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Pollination group:


Synonyms: Granniwinkle

Summary: Listed alongside some of the finest North American cider apples -- the Harrison, Canfield and Poveshon -- the Graniwinkle is a basic ingredient, paired with the Harrison, in the making of Newark style hard cider.

Identification: Small to medium size, round to round conic. Smooth, polished skin. The base colour is greenish-yellow, washed bright red on the sun-exposed face and marked with darker red stripes and flushes.

Characteristics: The flesh is yellowish. Crunchy. Juicy, very sweet and richly flavoured.

Uses: Traditionally used for blending in ciders, although it has become popular as a fresh eating apple as well. Pomologist William Coxe stated that "it is usually mixed with the Harrison for making cider of a superior quality..." He describes the flavour as "dead sweet, very rich..." Nevertheless, it was initially used to feed livestock until cider makers discovered its excellent properties. It has also become a favourite as a baking apple and for making jelly.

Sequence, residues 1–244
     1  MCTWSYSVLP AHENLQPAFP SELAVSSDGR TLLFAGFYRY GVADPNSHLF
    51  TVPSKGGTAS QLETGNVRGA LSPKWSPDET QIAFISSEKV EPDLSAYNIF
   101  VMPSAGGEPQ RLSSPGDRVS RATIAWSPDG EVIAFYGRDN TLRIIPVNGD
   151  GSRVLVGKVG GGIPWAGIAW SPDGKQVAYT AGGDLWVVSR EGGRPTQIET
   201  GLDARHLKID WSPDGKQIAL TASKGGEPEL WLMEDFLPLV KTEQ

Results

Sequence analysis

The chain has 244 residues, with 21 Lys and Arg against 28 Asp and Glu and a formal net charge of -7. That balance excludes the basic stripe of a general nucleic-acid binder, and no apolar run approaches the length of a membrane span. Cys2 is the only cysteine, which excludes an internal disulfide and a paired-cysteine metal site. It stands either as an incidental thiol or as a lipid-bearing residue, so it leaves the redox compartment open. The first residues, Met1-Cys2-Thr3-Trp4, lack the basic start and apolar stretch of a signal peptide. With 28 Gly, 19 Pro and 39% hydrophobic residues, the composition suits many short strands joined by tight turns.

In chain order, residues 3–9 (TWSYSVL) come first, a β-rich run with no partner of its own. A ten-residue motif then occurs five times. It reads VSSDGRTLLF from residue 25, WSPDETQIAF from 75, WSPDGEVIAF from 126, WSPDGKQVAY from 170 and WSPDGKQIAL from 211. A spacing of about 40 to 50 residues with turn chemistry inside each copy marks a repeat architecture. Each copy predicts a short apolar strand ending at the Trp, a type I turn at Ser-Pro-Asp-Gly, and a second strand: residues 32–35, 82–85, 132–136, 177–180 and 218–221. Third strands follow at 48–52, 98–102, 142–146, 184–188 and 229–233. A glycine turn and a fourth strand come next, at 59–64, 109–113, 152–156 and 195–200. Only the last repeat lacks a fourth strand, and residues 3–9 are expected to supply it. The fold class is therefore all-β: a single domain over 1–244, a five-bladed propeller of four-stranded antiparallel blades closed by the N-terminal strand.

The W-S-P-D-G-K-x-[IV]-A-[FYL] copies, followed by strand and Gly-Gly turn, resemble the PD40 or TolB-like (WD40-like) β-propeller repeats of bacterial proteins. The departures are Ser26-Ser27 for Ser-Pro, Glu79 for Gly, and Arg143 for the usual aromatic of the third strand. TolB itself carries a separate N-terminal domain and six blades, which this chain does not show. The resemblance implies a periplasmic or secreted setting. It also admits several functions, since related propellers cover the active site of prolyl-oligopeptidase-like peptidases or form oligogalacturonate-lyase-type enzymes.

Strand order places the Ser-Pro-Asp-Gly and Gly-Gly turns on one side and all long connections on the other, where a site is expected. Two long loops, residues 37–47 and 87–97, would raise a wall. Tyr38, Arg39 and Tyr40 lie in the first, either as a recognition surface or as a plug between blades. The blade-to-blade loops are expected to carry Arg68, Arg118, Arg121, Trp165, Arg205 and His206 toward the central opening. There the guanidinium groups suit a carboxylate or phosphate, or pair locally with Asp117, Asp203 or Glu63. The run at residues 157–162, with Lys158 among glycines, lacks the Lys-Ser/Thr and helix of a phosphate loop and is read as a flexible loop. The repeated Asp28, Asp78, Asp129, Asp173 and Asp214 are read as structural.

Origins: According to William Coxe in "A View of the Cultivation of Fruit Trees" (published in 1817), this apple originated on the Graniwinkle farm in eastern New Jersey (U.S.A.) during the late 1700s and was used primarily for making cider. A wild seedling with no record of its parentage.

Cultivation: Vigorous, upright-spreading tree.

Ploidism: Diploid. Self sterile.

Cold storage: Does not keep well.

Harvest: Ready for harvest late in the fourth period.

Juice character: Listed as a "first class cider apple." Sweet, almost syrupy and richly flavoured.

Juice classification: Sweet

Harvest period: 4

Type(s): Cider, Eating, Jelly